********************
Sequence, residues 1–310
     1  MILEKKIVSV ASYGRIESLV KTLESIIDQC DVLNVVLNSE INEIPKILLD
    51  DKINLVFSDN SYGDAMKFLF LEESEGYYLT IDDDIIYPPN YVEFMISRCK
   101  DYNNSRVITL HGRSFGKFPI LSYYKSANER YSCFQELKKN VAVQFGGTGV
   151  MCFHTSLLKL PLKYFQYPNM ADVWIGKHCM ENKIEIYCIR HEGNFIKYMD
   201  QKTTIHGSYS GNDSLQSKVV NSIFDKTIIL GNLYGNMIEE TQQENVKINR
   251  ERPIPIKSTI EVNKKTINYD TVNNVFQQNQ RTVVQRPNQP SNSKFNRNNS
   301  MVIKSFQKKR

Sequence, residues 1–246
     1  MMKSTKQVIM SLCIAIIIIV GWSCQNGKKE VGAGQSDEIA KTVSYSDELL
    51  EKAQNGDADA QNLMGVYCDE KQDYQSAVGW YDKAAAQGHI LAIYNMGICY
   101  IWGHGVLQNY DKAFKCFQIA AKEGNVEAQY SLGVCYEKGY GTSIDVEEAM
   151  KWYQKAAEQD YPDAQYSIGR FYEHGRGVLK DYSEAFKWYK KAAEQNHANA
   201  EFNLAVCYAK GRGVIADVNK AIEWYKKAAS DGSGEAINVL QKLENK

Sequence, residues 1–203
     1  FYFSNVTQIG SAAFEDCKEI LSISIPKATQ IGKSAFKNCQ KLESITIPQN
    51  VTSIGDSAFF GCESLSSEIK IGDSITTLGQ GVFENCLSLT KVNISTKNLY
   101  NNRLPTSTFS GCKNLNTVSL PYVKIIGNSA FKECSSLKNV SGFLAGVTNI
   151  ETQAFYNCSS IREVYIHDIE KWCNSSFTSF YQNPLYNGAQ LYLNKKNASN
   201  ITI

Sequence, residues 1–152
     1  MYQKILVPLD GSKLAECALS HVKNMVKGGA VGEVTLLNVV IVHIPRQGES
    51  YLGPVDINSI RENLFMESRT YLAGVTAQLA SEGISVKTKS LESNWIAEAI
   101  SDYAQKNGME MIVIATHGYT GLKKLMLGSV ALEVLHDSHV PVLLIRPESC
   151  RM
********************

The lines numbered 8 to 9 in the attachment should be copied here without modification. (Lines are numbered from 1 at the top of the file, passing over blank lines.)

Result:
   301  MVIKSFQKKR

Sequence, residues 1–246